The presence of positive social factors supports development of new enterprises. The society sets specific norms and values to determine behaviour of people (Lee-Ross, and Lashley, 2009). Certain restrictions are imposed in case an individual violates these norms and values. Societies that promote and celebrate entrepreneurs encourage many future generations to run effective enterprises. Social security promotes entrepreneurship development. Investors are more likely to take investments risks in secure social environments.

4.2. Political environment

The political stability of the country affects the development of entrepreneurship. Entrepreneurs tend to invest and operate effectively when there is political stability in a country (Lee-Ross, and Lashley, 2009). However, political instability affects and discourages investors willing to start-up businesses. The political system which encourages individual freedom, free market and private enterprise will encourage entrepreneurship.

4.3. Economic factors

The purchasing power of consumers influenced by income levels of the country plays a critical role in the efficiency of an enterprise. During recession or economic slowdown periods, the purchasing power reduces and consumers avoid investments, affecting entrepreneurship greatly (Jin-zhao and Jing, 2009). Availability of capital is essential factor to establish an enterprise. Capital allows an entrepreneur to purchase machines, get labour and raw materials required to operate the hospitality business. Readily available market promotes entrepreneurial activities. Basically, the market obtains revenue for the business. Entrepreneurs will hesitate to invest in a sector without sufficient market. Additionally, availability of future market opportunities is significant for the development of entrepreneurial activities (Pandey, 2013). Access to infrastructures and utilities such as communication facilities, good roads, energy sources, and transparency in obtaining such utilities supports success of a new venture.

4.4. Management

Management is the major carrier of progress, changes and competitive edge in the hospitality industry (Morrison, and Thomas, 1999). Therefore, entrepreneurs should focus more on ethical behaviour training, code of conduct, proper selection of employees and business decision-making. Successful businesses implement strategies to identify need for change, obtain adequate knowledge and expertise to execute the changes successfully (Barrows, Powers, and Reynolds, 2012).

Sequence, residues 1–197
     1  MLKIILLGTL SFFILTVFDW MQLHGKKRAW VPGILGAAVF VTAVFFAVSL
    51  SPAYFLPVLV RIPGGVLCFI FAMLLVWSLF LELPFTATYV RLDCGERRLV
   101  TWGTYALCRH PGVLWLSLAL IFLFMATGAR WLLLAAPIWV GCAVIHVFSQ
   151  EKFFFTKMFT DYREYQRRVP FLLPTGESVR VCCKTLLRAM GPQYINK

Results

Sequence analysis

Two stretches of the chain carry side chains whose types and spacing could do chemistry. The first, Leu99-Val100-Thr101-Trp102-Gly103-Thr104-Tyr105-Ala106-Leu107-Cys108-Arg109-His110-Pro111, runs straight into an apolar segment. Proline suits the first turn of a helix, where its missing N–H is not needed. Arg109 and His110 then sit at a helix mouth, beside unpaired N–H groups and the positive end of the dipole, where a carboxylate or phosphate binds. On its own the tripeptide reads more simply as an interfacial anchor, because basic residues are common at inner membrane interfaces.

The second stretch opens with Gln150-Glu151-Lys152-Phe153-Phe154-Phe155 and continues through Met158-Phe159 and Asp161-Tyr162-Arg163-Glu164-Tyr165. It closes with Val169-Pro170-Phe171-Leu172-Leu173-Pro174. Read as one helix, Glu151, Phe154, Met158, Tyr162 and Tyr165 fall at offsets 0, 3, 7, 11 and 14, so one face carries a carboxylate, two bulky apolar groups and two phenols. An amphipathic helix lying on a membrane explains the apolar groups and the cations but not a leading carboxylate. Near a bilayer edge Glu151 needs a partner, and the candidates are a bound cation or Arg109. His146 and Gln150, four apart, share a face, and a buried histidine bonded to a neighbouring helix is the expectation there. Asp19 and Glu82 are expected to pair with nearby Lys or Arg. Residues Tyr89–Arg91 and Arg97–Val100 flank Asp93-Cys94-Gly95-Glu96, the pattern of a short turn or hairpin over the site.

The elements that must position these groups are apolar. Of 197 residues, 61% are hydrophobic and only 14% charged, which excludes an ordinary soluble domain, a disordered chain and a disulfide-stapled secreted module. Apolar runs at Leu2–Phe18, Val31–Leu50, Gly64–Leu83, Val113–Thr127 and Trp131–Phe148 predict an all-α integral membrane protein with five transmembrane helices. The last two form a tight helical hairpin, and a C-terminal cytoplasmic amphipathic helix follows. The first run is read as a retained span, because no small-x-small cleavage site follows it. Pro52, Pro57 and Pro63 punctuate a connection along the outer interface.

4.5. Government policies

Government policies and legislation encourage economic freedom by minimizing requirements for operating a business (Lee-Ross, and Lashley, 2009). While most entrepreneurs accept laws related to protection of labour and the environment, some nations have retrograde regulations that complicated nd delay the compliance process. Such legal hurdles discourage entrepreneurs willing to invest in the hospitality industry. Some governments’ agencies and non-profit organizations provide free consultation and start-up .grants. These initiatives have allowed the growth of small and medium sized enterprises (Obaji and Olugu, 2014). The economic policies implemented by the government as well as other financial organisations and the opportunities available in the community play an essential role in development of entrepreneurship. Governments provide incentives like subsidized power tariff, tax holidays, raw materials, and reduced transportation costs

5.0. References

Barrows, C., Powers, T., and Reynolds, D., (2012). Introduction to Management In The Hospitality Industry, (10edn), John Wiley & Sons, Inc,
ISBN: 978-0-470-39974-3

Bauer, T., (2009). Tourism and Hospitality Studies; Trends and Issues in the Tourism and Hospitality industry. School of Hotel and Tourism Management, The Hong Kong Polytechnic University.

Deale, C., (2015). Entrepreneurship and Sustainability in Hospitality and Tourism: Implications for Education and Practice, Tourism Travel and Research Association: Advancing Tourism Research Globally. Paper 1.

Jin-zhao, W., and Jing, W., (2009). Issues, Challenges, and Trends, that Facing Hospitality Industry, Management Science and Engineering, Vol.3 No.4, Canadian Research & Development Center of Sciences and Cultures.

Lee-Ross, D., and Lashley, C., (2009). Entrepreneurship and Small Business

Management in the Hospitality Industry, Elsevier Ltd.

Mackenzie, M., and Chan, B., (2009). Tourism and hospitality Studies, Introduction to Hospitality. School of Hotel and Tourism Management, The Hong Kong Polytechnic University.

Morrison, A., and Thomas, R., (1999). The future of small firms in the hospitality industry. International Journal of Contemporary Hospitality Management, 11/4 148±154, MCB University Press [ISSN 0959-6119].

Obaji, N., and Olugu, M., (2014). The role of government policy in entrepreneurship development , Science Journal of Business and Management, Vol 2(4): 109-115, ISSN: 2331-0634.

Pandey, S., (2013). Entrepreneurship in Recession Entrepreneurs, Firms & Performance, Norwegian School of Economics

Pirnar, I., (2015). The Specific Characteristics of Entrepreneurship Process in Tourism Industry, Vol, (34): 75-86.